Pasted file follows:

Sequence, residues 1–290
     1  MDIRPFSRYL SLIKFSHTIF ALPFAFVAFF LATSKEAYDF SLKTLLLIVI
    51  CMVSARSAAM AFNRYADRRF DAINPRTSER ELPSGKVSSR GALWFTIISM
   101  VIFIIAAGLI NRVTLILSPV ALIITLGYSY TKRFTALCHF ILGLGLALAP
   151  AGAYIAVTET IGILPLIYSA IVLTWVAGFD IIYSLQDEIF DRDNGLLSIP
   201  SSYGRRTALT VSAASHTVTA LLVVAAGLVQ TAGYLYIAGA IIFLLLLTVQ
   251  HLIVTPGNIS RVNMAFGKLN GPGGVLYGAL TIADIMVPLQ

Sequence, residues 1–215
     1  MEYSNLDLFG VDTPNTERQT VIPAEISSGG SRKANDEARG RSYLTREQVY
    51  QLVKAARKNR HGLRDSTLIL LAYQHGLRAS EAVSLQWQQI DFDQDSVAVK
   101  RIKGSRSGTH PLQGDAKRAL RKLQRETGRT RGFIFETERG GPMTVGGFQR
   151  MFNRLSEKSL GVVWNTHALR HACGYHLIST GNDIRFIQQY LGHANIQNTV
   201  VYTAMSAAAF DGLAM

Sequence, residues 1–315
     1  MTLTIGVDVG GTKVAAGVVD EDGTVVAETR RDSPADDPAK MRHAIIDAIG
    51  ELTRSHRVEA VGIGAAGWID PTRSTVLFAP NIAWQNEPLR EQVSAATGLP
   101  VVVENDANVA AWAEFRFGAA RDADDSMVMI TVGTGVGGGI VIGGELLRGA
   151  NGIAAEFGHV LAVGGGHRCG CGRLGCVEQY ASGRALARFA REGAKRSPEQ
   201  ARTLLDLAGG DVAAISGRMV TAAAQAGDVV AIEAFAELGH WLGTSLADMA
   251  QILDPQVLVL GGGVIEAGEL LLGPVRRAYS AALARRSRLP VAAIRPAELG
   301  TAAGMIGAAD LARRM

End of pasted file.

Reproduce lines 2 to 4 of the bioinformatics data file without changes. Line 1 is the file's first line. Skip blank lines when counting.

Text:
     1  MDIRPFSRYL SLIKFSHTIF ALPFAFVAFF LATSKEAYDF SLKTLLLIVI
    51  CMVSARSAAM AFNRYADRRF DAINPRTSER ELPSGKVSSR GALWFTIISM
   101  VIFIIAAGLI NRVTLILSPV ALIITLGYSY TKRFTALCHF ILGLGLALAP